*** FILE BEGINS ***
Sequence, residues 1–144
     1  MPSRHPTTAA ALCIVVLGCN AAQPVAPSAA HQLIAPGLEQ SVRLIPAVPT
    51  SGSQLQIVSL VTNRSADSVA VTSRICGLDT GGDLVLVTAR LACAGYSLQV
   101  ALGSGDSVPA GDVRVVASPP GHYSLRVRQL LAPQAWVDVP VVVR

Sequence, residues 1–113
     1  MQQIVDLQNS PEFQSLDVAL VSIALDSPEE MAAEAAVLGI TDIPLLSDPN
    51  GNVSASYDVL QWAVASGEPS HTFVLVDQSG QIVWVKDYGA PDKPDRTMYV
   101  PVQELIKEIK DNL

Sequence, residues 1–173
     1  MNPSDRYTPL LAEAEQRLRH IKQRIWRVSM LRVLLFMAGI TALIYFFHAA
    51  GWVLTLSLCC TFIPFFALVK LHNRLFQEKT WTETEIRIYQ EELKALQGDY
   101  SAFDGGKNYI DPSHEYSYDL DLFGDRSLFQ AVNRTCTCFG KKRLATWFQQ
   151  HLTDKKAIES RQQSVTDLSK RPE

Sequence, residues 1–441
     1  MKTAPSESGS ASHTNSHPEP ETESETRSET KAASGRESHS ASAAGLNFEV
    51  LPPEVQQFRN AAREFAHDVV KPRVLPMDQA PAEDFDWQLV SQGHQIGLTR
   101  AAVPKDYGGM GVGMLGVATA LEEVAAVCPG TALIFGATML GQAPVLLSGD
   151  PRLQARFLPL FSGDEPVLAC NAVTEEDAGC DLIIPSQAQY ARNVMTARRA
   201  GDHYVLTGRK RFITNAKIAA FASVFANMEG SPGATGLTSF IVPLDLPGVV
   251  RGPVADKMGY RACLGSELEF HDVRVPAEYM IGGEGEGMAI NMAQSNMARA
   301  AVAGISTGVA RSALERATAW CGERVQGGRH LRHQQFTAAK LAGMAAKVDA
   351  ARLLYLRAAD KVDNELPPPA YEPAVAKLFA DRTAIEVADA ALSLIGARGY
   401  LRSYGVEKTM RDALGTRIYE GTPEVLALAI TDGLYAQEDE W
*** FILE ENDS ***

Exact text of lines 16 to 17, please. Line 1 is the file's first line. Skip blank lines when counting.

    51  LPPEVQQFRN AAREFAHDVV KPRVLPMDQA PAEDFDWQLV SQGHQIGLTR
   101  AAVPKDYGGM GVGMLGVATA LEEVAAVCPG TALIFGATML GQAPVLLSGD